Mazda MX5 Cars - From idea to production Part 1

Mazda MX5 Cars - From idea to production

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In 1976, Bob Hall, a journalist at Motor Trend magazine who was an expert in Japanese cars and fluent in the language, met Kenichi Yamamoto and Gai Arai head of Research and Development at Mazda.

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In 1981, Bob Hall moved to a product planning position with Mazda US and again met Kenichi Yamamoto, now chairman of Mazda Motors, who remembered their conversation about a roadster and gave Hall the go-ahead to research the idea further. At this time Bob Hall hired designer Mark Jordan to join the newly formed Mazda design studio in Southern California. There, He and Bob collaborated on the parameters of the initial image, proportion and visualization of the "light-weight sports" concept. In 1983, the idea turned concept was approved under the "Offline 55" program, an internal Mazda initiative that sought to change the way new models were developed. Thus, under head of project Masakatsu, the concept development was turned into a competition between the Mazda design teams in Tokyo and California.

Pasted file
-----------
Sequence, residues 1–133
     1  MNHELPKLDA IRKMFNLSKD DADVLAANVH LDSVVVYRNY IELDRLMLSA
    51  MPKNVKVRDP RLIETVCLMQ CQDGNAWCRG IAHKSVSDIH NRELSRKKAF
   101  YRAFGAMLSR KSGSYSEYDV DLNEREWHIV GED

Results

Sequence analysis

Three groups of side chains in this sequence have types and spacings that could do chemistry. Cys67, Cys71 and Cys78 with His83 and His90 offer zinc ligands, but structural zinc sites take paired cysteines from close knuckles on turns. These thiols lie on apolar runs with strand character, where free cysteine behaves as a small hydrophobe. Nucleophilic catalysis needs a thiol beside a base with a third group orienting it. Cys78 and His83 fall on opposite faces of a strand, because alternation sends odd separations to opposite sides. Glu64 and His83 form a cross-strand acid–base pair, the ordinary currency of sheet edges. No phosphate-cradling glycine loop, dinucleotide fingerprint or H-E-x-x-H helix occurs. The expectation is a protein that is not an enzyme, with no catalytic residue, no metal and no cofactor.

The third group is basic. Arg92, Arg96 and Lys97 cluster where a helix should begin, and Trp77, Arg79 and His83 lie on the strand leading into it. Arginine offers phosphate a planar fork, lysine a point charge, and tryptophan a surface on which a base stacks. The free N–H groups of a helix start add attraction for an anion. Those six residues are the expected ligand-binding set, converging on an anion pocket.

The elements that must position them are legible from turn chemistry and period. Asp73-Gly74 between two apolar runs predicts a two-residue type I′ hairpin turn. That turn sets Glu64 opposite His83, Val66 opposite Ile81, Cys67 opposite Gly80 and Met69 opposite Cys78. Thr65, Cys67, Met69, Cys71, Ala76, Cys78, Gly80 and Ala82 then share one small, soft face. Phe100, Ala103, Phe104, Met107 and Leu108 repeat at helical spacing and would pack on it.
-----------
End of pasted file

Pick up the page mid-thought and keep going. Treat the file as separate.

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The California team proposed a front-engine, rear-wheel drive layout, codenamed Duo 101, in line with the British roadster ancestry, but their Japanese counterparts favored the more common front-engine, front-wheel drive layout or the rear mid-engine, rear-wheel drive layout.